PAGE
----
The Maryland General Assembly passed a bill this week that would regulate the activities of for-profit colleges, a fast-growing sector of higher education that has, until recently, received little attention from state and federal legislators.
Maryland Sen. Paul Pinsky submitted the Maryland legislation following a 2010 undercover investigation by the Government Accountability Office, which found that four for-profit colleges -- including a D.C.-based certificate program -- encouraged “fraudulent practices,” such as advising applicants to falsify financial aid forms in order to qualify for federal aide. All 15 colleges that were tested were reported to have made “deceptive” or “otherwise questionable statements” to the agency’s undercover applicants -- for instance, exaggerating graduation rates and post-graduation salary potential.
Pinsky’s office noted that Iowa Sen. Tom Harkin previously spoke out against a lack of regulation in the for-profit education industry. Congress has not yet acted on the issue.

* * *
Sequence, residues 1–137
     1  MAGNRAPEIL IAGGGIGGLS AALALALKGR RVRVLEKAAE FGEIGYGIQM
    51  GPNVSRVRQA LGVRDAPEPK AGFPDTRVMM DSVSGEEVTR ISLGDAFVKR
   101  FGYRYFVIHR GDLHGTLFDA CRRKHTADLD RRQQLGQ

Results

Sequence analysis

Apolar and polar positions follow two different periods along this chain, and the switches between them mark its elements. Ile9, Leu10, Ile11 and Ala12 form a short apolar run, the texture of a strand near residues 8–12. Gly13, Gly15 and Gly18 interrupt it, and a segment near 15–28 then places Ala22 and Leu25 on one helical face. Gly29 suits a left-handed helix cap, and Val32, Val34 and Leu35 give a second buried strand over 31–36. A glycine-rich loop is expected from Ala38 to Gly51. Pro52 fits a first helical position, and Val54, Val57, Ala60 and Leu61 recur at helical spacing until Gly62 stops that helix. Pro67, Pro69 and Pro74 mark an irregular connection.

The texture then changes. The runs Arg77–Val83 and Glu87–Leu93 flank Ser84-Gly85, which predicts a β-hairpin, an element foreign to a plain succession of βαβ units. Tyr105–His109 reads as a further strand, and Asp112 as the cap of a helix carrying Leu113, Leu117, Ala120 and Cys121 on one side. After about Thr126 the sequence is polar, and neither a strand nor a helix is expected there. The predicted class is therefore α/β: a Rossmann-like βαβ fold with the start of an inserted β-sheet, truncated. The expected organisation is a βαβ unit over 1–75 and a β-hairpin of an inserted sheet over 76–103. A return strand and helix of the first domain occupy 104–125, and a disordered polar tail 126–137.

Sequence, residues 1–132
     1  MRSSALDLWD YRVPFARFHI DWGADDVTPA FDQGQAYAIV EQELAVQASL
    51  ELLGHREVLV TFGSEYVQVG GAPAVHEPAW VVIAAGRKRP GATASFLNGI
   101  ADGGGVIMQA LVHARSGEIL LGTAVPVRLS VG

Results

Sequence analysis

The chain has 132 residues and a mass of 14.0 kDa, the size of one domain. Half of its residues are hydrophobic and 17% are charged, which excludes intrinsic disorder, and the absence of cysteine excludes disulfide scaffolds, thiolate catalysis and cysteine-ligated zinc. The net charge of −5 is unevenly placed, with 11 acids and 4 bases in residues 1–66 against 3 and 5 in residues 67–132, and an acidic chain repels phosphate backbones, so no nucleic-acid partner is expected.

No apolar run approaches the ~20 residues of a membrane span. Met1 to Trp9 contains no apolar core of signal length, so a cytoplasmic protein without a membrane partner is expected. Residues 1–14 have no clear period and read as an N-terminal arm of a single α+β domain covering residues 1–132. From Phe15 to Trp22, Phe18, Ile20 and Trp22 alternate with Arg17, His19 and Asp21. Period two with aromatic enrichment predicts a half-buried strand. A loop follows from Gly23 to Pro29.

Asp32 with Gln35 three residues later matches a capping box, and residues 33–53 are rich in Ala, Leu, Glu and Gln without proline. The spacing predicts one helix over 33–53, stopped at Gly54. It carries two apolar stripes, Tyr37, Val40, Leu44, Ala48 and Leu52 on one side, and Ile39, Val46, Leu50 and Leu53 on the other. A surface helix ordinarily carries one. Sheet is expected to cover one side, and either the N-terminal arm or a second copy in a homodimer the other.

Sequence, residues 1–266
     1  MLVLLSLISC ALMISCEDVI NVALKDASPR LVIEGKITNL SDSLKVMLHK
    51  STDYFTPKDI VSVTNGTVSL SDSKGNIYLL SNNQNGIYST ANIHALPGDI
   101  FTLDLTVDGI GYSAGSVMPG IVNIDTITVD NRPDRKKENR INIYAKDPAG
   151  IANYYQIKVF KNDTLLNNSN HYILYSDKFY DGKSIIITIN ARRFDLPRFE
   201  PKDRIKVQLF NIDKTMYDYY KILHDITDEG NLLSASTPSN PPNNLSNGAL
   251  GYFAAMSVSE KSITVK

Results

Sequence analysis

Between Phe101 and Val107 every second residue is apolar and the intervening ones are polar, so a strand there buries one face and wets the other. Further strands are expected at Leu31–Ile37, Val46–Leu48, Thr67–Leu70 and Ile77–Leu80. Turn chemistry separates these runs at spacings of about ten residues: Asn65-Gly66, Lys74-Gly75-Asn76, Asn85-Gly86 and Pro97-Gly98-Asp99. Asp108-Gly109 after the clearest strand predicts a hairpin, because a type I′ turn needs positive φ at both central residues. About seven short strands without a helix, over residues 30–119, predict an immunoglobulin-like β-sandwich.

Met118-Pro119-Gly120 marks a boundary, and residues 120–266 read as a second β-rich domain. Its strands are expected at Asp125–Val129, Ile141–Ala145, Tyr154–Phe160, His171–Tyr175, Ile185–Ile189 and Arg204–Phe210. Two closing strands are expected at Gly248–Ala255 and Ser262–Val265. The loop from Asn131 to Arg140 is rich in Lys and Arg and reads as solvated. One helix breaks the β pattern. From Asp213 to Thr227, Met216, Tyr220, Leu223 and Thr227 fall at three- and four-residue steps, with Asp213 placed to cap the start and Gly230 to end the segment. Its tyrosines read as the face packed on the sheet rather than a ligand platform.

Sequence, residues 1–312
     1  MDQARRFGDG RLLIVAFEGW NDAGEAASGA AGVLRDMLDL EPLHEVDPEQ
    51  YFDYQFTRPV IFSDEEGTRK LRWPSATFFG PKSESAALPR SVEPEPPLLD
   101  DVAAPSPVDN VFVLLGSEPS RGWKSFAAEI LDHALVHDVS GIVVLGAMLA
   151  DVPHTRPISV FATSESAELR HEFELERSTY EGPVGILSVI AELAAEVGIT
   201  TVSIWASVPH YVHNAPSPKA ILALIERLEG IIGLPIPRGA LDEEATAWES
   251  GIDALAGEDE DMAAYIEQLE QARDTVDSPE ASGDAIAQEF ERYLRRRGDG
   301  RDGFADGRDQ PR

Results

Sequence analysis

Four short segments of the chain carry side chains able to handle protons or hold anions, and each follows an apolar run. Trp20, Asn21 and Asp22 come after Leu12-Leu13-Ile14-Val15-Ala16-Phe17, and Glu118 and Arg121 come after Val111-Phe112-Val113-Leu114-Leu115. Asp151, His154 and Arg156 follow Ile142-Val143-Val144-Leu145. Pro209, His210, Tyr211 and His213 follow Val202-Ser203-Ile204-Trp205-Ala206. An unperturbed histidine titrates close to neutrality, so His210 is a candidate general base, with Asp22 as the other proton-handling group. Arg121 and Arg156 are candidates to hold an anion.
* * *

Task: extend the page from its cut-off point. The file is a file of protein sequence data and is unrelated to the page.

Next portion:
The bill -- which is on its way to Gov. Martin O'Malley's desk -- would prohibit commissions, incentive payments, and bonuses for student recruitment and require for-profit colleges to notify students if they initiate a program without the Maryland Higher Education Commission’s recommendation. It also establishes a fund that would reimburse students in the case of a breach-of-contract, according to Pinsky’s office.
Lobbyists from well-known for-profits Kaplan and the University of Phoenix challenged particular aspects of the legislation at a hearing last month, but have not objected to the general concept of placing their schools under state regulations, reported the Baltimore Sun last month.
State officials estimate that upwards of 15,000 Maryland students are taking classes at for-profit institutions.
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